This is a very important topic. Too often, continuing professional competence and compliance with mandatory continuing professional development obligations are assumed to be the same. Some more detailed reflections on this are in .

    • Posted November 8, 2012 at 9:10 pm | Permalink

      should have said, are in ‘CPD: compliance, competence or development?’

  8. Anonymous
    Posted November 8, 2012 at 9:04 am | Permalink

    Professional standards are more often about protectionism for the professionals.

    Very little of the – up to 7 year’s – training is of use to the client. There are more solicitors than police officers in the UK, for example. The telephone books are full of them yet the rates remain high.

    They work for ‘free’ some of the time but with wins and out-of-court settlements fortunes are made and huge damage to our country is done.

    GPs are just glorified triage nurses who use the internet and the BNF. 120k plus a year ???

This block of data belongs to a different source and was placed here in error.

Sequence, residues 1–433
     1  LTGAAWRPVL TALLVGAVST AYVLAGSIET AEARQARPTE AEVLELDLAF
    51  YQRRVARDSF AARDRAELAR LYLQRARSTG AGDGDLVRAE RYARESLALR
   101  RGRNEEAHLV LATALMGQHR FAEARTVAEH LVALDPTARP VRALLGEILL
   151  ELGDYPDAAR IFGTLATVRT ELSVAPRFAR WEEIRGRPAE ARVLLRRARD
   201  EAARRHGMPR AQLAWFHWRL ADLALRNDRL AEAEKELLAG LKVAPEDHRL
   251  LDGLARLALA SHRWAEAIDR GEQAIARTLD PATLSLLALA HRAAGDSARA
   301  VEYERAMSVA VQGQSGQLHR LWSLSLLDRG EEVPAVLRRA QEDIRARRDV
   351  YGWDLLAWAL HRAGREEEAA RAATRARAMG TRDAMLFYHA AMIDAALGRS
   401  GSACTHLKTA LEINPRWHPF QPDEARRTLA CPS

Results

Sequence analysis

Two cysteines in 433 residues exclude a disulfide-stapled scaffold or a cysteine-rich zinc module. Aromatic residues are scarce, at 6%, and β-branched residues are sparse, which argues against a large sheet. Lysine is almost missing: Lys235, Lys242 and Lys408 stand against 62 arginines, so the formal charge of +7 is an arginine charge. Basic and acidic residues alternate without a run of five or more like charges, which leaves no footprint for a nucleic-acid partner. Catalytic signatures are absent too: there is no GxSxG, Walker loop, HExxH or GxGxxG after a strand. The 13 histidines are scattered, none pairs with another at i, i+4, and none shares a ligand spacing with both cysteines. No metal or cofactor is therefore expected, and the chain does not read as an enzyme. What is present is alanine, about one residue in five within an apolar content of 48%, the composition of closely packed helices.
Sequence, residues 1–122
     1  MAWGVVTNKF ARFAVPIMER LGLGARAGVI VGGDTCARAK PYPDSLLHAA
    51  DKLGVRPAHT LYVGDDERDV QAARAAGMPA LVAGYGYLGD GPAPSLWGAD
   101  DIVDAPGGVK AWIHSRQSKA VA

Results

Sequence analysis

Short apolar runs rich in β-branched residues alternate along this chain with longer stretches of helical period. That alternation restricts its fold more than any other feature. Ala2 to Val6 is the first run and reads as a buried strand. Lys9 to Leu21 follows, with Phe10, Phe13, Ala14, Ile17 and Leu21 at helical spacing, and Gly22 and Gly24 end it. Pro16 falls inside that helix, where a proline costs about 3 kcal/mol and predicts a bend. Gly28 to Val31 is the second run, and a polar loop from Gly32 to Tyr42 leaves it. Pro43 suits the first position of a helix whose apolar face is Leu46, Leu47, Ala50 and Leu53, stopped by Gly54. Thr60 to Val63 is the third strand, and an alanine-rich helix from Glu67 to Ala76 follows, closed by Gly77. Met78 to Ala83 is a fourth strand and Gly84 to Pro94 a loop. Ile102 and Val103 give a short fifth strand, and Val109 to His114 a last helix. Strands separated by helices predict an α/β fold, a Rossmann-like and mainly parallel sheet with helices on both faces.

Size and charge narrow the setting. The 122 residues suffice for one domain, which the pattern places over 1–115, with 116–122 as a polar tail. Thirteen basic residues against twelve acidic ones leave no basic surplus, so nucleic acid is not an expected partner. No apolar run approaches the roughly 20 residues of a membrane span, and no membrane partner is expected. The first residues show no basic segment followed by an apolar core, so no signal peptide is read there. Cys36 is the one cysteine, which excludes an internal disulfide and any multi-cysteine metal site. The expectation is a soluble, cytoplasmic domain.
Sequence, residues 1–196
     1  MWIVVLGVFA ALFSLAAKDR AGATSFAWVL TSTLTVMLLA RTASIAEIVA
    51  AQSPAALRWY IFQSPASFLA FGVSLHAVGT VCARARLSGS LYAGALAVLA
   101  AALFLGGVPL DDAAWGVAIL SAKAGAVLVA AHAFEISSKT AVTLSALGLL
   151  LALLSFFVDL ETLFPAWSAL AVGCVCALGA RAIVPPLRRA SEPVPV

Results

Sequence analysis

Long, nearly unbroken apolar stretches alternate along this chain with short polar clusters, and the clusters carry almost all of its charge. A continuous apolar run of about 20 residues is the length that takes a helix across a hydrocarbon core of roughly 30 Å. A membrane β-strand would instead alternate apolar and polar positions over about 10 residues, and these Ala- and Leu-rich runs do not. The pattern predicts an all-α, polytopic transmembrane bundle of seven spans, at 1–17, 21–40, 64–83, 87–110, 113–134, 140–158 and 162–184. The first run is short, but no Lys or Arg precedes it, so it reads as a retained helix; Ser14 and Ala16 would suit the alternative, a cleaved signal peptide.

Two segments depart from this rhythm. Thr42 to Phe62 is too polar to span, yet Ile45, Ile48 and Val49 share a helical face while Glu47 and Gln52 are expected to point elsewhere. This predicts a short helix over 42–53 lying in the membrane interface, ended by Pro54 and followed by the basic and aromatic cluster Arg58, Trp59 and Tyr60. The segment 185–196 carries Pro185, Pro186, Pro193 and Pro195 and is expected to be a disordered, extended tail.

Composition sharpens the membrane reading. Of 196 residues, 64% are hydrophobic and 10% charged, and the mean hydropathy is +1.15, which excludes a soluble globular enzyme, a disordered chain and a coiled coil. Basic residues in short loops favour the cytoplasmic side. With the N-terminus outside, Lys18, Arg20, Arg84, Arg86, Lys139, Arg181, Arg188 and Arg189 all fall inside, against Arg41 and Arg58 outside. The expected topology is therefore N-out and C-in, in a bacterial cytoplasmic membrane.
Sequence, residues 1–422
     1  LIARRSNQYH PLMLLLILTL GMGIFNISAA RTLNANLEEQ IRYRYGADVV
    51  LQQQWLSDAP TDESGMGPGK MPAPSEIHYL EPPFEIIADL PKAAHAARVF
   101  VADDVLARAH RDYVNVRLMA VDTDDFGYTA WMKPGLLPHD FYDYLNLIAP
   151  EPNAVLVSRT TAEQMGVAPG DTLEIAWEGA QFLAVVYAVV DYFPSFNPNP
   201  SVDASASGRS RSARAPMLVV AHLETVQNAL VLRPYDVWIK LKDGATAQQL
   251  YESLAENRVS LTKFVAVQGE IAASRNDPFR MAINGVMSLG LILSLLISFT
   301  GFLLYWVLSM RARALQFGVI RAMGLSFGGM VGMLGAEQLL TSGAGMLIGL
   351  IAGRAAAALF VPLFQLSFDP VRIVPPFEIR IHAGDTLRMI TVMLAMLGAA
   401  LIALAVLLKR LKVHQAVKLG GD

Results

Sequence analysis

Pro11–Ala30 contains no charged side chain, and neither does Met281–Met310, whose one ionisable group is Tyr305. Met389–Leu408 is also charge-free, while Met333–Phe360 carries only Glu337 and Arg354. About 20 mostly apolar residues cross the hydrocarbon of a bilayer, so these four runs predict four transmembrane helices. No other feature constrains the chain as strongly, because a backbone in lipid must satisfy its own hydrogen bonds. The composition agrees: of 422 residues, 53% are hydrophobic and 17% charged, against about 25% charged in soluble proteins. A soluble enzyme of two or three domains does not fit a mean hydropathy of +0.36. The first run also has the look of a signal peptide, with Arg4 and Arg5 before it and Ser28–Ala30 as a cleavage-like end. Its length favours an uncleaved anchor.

• lifelogic
      Posted November 8, 2012 at 1:05 pm | Permalink

      Indeed

    • Bazman
      Posted November 8, 2012 at 6:22 pm | Permalink

      Much of this is part of the MCSSS as you point out. Buy a house and pay legal fees for each investigation into the sale. Why? The GP however is a bit more complicated and if you think it is not then you are to thick to have it explained to you.

      • Richard
        Posted November 8, 2012 at 11:22 pm | Permalink

        Bazman, you plainly dont understand what the process of conveyancing does to protect you when you buy a property.

        • Bazman
          Posted November 9, 2012 at 7:24 pm | Permalink

          Four hundred quid in legal fees to buy an ex council house in 1999 with.. Gasp! Another forty quid to find out who the sewer belongs too. Must have been a legal minefield. Easy money and you know it.

      • Mark W
        Posted November 9, 2012 at 7:13 am | Permalink

        Bazman, now I finally understand what you mean by MCSSS. You may have a point.

        I’m careful to be to critical of GPs but some are better than others.

  9. Sebastian Weetabix
    Posted November 8, 2012 at 9:14 am | Permalink